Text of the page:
Circumstances were not beyond control of taxpayer who was complicit in or wilfully disregarded fraud

Federal court | Tax | Income tax | Administration and enforcement

Taxpayer used tax preparation firm FA to prepare personal income tax return and claimed net business loss of $529,533. Canada Revenue Agency (CRA) issued reassessment denying claimed business losses and assessing gross negligence penalty of $82,721. Taxpayer became aware of fraud perpetrated by FA. CRA denied taxpayer’s initial request for taxpayer relief because taxpayer did not submit financial documentation for hardship and there were no extraordinary circumstances. Taxpayer brought application for judicial review of decision of Minister of National Revenue refusing to exercise discretion pursuant to s. 220(3.1) of Income Tax Act to cancel or waive gross negligence penalty on second-level request. Application dismissed. Minister did not fetter her discretion or unreasonably rely on unfounded facts or irrelevant factors. It was reasonable for Minister to deny request for relief. It defied logic that taxpayer was not aware of fake claim for business loss in relation to non-existent business. Fraud was perpetrated by FA but taxpayer was complicit in or wilfully disregarded fraud so circumstances were not beyond his control. Decision engaged with evidence of FA’s fraud and taxpayer’s complicity or wilful disregard of fraud. No evidence was filed to support finding of financial hardship.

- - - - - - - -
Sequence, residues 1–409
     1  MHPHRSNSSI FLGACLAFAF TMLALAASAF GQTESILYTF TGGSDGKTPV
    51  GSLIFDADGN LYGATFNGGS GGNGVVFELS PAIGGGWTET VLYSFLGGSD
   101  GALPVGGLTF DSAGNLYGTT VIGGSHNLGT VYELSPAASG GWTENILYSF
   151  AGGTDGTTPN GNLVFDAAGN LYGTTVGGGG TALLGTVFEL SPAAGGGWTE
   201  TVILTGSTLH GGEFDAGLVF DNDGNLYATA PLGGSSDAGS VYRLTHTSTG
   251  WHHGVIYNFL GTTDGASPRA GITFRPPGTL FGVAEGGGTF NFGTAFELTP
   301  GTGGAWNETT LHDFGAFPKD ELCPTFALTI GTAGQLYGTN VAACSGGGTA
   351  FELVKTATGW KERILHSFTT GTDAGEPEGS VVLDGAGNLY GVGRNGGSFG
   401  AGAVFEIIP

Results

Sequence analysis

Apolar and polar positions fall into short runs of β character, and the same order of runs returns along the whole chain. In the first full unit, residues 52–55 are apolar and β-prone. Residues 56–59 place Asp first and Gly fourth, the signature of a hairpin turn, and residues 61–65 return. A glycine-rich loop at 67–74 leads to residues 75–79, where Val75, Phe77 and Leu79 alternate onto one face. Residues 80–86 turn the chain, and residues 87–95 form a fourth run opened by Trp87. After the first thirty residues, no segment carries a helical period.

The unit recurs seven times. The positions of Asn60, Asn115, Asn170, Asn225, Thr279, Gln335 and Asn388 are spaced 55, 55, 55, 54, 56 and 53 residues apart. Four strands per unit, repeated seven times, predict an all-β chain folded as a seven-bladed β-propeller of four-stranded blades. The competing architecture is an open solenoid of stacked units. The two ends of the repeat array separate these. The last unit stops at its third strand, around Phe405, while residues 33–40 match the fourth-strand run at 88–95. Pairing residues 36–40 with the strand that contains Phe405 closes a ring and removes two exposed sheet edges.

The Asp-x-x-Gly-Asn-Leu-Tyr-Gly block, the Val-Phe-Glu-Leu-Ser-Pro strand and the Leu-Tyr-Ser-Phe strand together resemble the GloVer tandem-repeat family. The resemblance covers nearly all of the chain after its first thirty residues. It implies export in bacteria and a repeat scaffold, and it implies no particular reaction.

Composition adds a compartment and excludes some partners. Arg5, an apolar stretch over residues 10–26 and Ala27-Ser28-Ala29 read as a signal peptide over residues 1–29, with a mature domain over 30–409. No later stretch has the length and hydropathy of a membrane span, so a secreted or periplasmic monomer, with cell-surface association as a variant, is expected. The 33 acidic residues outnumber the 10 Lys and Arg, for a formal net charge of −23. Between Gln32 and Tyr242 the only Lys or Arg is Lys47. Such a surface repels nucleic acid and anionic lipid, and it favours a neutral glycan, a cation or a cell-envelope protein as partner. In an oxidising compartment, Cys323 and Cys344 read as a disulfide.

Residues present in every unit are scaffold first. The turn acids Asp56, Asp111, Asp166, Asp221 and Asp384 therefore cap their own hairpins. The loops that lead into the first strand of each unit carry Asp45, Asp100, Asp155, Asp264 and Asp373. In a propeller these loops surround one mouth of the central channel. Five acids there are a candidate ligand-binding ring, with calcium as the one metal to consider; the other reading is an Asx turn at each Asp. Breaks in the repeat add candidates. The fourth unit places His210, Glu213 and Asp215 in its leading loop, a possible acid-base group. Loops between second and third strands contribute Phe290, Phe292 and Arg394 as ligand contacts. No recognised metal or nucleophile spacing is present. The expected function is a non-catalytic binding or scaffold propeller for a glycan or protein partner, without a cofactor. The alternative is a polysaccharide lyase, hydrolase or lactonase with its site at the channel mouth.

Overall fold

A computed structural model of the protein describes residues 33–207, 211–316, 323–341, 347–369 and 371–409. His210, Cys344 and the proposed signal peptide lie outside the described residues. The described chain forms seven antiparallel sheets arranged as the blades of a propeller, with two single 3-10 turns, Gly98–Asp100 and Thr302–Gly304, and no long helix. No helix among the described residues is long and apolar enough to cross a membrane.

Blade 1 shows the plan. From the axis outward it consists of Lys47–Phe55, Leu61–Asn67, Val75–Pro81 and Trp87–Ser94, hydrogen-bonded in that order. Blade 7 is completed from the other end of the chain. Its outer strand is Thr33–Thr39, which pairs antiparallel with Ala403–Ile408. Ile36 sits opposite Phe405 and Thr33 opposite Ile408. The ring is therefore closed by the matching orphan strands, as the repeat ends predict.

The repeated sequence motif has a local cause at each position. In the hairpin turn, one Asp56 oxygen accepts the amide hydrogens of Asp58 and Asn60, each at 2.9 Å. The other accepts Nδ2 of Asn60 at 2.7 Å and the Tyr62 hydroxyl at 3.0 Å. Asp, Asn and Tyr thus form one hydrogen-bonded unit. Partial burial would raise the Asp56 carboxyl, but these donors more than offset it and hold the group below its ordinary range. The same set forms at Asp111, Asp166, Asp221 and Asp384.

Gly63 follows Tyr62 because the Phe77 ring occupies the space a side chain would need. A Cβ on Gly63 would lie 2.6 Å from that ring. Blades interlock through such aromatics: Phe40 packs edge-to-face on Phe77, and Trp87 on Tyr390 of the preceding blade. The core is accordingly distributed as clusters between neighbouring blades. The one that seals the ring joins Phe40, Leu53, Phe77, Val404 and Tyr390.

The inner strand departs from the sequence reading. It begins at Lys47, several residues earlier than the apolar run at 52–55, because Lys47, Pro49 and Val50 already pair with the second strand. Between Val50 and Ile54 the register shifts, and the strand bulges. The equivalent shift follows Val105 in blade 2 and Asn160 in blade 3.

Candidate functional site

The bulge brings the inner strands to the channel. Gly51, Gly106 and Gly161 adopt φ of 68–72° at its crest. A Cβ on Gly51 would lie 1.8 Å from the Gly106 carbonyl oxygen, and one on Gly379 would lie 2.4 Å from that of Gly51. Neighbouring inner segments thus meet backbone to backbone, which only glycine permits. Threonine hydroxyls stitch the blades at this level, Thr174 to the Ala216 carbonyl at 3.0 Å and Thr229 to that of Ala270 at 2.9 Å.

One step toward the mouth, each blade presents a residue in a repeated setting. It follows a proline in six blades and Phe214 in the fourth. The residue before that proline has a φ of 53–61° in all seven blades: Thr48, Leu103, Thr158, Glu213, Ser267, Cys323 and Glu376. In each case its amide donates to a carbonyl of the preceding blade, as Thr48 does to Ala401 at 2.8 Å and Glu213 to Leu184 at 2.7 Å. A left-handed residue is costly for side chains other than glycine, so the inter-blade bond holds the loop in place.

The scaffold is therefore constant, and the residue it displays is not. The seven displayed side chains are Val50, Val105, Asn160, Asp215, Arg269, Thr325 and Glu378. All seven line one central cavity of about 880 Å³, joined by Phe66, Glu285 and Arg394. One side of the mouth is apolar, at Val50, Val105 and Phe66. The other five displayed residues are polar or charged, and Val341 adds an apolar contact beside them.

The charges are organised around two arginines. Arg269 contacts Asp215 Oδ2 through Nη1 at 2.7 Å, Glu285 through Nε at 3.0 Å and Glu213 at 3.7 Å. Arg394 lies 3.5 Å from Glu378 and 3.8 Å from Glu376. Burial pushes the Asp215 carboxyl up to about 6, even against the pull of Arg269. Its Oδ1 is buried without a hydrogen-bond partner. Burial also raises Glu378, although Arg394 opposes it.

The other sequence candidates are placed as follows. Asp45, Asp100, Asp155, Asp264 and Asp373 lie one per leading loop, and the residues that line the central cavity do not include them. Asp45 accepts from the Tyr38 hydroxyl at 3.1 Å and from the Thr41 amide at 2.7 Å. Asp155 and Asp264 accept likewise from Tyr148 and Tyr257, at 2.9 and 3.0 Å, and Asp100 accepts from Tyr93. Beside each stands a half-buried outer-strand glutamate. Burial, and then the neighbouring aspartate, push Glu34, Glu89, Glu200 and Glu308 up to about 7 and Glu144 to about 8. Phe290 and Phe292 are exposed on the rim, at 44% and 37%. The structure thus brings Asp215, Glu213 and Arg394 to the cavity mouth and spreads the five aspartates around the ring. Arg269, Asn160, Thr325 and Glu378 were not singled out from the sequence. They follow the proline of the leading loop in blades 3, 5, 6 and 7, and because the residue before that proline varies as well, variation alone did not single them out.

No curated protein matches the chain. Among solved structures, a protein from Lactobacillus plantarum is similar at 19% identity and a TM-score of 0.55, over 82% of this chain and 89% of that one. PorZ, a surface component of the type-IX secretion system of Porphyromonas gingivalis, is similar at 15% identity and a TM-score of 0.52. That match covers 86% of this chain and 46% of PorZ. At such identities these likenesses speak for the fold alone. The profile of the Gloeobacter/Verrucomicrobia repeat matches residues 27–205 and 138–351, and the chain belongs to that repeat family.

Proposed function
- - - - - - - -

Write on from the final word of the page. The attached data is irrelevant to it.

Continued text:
Mior v. Canada (Attorney General) (2019), 2019 CarswellNat 2123, 2019 CarswellNat 727, 2019 FC 321, 2019 CF 321, Michael D. Manson J. (F.C.).

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